Overall, Acorn Assault: Rodent Revolution is an interesting concept that just didn’t work out well. The game is priced at $10 USD, which I feel is a fair price. However, unless you are in need of a turn-based strategy game about squirrels, I would steer clear of this title until it goes on sale. It is fun but gets very mundane quickly.

    *Note: A copy of this game was provided for the purpose of the review.

    Final Score: 4.5/10

    ​+Cheap Price
    ​-Poor Graphics
    -Mundane Gameplay
  • FullMoonBeaverFullMoonBeaver1,489,761
    13 Jan 2017
    2 3 2
    Acorn Assault: Rodent Revolution Review
    Developed by: High Tale Studios
    Published by: Black Shell Media
    Release Date: January 11th 2017
    Price: $9.99

    Here we are with yet another I die title to kick-start a new year. No doubt we are going to get a mixed bag as is the norm. But what of Acorn Assault? Well, we have a turn based strategy game featuring squirrels. I can honestly say I've never come across a combination like this. So it's a unique idea in that sense.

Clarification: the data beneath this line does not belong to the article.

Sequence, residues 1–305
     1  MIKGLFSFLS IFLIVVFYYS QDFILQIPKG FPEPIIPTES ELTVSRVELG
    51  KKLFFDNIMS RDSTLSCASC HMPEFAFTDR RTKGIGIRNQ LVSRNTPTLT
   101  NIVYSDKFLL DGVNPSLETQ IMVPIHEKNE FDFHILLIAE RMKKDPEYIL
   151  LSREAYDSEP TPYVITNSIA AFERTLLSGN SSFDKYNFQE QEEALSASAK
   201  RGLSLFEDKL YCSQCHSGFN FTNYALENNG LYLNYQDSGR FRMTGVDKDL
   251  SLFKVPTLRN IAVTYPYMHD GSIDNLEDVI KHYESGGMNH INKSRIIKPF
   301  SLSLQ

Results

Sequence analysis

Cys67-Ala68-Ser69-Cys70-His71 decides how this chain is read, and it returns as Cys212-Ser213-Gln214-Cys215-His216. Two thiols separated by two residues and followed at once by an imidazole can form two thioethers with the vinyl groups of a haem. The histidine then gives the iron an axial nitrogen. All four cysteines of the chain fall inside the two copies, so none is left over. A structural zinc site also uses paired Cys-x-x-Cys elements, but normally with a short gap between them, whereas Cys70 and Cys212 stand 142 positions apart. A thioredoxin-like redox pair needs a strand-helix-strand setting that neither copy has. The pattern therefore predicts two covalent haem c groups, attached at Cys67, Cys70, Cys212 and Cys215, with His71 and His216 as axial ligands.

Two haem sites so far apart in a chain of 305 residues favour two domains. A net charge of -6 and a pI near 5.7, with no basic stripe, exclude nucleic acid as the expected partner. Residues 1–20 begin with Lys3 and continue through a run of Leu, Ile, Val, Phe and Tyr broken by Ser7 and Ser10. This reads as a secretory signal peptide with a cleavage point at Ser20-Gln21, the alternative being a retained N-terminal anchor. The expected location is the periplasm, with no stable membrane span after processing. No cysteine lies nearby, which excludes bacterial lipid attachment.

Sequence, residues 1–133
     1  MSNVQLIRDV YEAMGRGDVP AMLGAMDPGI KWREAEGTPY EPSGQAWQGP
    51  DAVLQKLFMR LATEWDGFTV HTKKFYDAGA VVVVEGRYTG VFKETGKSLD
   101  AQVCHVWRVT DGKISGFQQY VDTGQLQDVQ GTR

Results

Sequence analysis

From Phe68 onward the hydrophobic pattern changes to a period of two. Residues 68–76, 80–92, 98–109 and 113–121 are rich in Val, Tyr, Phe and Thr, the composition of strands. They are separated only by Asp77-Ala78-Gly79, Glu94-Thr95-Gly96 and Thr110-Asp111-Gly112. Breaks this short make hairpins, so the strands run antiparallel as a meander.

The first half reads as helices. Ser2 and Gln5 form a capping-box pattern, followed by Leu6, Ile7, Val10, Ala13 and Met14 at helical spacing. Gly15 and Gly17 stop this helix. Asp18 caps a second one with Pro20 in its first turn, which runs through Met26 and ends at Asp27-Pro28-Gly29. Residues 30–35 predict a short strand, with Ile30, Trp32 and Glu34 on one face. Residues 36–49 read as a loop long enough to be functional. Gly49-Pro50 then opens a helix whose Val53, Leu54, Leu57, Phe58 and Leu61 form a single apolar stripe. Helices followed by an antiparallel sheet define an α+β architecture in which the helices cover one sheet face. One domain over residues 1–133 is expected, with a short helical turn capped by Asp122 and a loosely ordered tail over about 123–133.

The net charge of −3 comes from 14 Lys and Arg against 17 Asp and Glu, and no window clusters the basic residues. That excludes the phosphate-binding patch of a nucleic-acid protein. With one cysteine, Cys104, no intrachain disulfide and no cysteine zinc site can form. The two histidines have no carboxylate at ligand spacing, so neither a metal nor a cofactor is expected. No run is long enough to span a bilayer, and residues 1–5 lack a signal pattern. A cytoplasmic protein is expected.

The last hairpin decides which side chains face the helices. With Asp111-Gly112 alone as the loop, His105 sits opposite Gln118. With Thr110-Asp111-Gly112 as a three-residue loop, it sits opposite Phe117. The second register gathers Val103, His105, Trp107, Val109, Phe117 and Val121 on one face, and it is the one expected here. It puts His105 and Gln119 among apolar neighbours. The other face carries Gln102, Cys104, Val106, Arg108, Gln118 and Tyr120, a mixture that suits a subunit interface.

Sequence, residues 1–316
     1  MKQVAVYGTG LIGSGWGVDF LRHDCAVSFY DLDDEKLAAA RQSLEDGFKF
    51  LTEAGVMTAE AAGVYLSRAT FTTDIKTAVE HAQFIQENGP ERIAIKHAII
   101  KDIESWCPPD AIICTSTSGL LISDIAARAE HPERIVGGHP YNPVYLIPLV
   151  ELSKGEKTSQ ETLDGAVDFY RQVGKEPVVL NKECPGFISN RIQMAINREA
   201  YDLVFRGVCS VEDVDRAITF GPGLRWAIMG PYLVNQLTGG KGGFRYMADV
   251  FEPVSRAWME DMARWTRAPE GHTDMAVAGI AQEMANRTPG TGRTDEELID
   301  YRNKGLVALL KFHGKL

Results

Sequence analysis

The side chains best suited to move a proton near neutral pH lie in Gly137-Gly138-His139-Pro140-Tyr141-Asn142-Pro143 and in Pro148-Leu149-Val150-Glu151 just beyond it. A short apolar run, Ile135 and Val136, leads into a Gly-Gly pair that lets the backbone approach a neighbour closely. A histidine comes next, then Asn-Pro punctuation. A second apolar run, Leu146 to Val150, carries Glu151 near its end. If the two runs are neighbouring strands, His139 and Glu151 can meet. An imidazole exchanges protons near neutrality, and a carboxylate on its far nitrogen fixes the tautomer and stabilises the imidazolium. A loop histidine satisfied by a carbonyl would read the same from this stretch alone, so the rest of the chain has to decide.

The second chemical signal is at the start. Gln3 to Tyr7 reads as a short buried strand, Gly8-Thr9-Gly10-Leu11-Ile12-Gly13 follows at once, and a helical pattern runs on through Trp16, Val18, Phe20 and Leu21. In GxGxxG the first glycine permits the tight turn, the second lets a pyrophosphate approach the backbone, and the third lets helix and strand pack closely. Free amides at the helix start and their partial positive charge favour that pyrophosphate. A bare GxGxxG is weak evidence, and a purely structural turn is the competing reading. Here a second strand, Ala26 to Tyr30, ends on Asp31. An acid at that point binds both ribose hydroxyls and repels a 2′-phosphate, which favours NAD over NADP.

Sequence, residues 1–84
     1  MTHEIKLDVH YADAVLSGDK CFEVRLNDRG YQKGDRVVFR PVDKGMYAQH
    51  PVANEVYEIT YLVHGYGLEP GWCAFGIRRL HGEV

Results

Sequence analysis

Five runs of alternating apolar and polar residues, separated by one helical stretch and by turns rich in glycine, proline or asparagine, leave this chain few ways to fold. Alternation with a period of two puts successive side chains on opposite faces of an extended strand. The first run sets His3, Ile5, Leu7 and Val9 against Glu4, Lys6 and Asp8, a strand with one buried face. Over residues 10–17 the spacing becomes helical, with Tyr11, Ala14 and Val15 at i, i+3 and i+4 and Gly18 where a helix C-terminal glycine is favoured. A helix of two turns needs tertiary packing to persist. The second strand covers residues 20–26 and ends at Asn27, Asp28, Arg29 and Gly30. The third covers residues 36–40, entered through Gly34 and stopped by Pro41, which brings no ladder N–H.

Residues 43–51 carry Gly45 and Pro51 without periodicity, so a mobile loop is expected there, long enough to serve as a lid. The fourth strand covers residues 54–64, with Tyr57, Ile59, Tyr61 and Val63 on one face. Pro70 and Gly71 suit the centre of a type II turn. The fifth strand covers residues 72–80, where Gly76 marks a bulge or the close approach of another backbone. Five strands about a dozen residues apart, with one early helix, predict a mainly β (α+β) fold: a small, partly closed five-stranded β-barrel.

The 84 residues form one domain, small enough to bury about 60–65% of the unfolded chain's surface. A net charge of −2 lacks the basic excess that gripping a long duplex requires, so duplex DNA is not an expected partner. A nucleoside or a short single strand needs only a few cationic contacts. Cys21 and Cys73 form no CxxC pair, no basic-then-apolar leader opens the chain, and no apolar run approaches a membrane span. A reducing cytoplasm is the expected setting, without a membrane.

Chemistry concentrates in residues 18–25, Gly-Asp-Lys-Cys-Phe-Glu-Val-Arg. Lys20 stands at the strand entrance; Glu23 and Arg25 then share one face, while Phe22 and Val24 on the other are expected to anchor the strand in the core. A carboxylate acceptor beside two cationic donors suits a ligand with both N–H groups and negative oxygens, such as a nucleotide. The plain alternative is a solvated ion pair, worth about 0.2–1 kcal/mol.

The game board is split in half, with each side getting half a board to play on. You place troops and barrels, sometimes on squares with acorns which act as your currency. Placing 3 of the same type will upgrade barrels to a sandbag wall, and troops from pistoleers, to gunners then bombers etc. Works well an forces you to plan your moves ahead of your opponent's next move. That being said, once you reach the 2nd boss, The Gatekeeper, you will find that your opponent is rater over powered an will regularly gain the upper hand. More tiles to place per move and more defense. Iirc was one level away from the boss fight and just couldn't stomach attempting the same battle anymore. To try point that the same went from being ok, to downright tedious. Before then I had a decent challenge, but one that was not impossible.